Christopher-ColumbusOctober’s biggest celebration may be Halloween, but trick-or-treating isn’t the only event happening this month. It’s also the time when we celebrate Christopher Columbus’ trip to the New World with Columbus Day. You probably know most of the major facts about the explorer’s most noteworthy voyage. However, did you know that only one of his three ships’ names is accurate. Or did you know that he tried to find financial backers in three other countries before the Spanish throne funded him?

In honor of Columbus Day, here are some more wild facts you might not know.

Christopher Columbus wasn’t the explorer’s real name
He hailed from Genoa, and his name in Italian was probably Cristoforo Colombo. Other languages have translated his name in different ways, including the Spanish Cristobal Colón.  Even in his native Genoa, details about his true name are foggy. In the 1490’s, spellings weren’t standardized and record-keeping was tougher. We could be celebrating Colombo Day in October if it weren’t for English and American writers who wanted to make the explorer’s name more familiar to their readers!

The Niña and the Pinta aren’t accurate names either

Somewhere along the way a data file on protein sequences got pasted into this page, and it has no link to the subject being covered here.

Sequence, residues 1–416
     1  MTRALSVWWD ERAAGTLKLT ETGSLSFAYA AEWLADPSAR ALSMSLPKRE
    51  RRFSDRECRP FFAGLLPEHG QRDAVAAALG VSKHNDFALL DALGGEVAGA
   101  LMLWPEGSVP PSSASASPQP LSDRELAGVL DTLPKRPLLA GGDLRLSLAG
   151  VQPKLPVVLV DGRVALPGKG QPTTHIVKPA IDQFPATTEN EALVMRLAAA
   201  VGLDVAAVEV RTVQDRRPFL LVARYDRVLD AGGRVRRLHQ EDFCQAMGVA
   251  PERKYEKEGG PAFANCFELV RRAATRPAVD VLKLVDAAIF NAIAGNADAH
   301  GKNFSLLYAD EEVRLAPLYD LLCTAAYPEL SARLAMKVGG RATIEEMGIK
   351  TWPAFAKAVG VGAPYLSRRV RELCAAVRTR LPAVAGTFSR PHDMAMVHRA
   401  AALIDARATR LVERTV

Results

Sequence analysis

In fact, people who think they know all three of Columbus’ most famous ships are only 33 percent accurate. The Santa Maria was indeed one ship’s name, but the other two famous names we know today were nicknames. The Niña was christened the Santa Clara, but the little ship soon acquired the nickname La Niña, or “little girl”. This was a reference that might also have been a nod to its owner, Juan Niño. Historians aren’t sure what the Pinta was named, but its colorful nickname roughly translates to “painted lady.”

Christopher Columbus didn’t go to Spain first
The explorer wanted a wealthy backer for a trip across the Atlantic, but the most affluent prospects at the time were royal families. He spoke to Portuguese, English and French monarchs and was turned down by all of them. The Portuguese told him his calculations were off, and told him he would never find India in the time Columbus allotted for the trip. They were right – Columbus never reached India by sailing west, but he did reach the Americas, and was one of the first Europeans known to do so. If you’d like, you can celebrate Leif Eriksson Day. It commemorate the Norse explorer whom historians believe landed in Newfoundland about 500 years before Columbus’ voyage. It’s traditionally celebrated on October 9, a little before Columbus Day.

The explorer made four trips to the Americas, not one
Although his most famous trip was his first in 1492, he also made the months-long voyage in 1493, 1498 and 1502. Each trip brought more ships than the last. His travels around the turn of the 16th century helped spark a passion for exploring and a rush to the territories the Europeans called the New World.

Christopher Columbus always believed he’d found his destination and not a continent new to Europeans
He was convinced the silks, spices and dyes from lands east of Europe were still to be found west of the Caribbean islands and Central American coastlines where he put to port. It wasn’t until after his passing that maps with the new islands and shores had a name to put to the unfamiliar land: America.

Image Credit: oc-breeze.com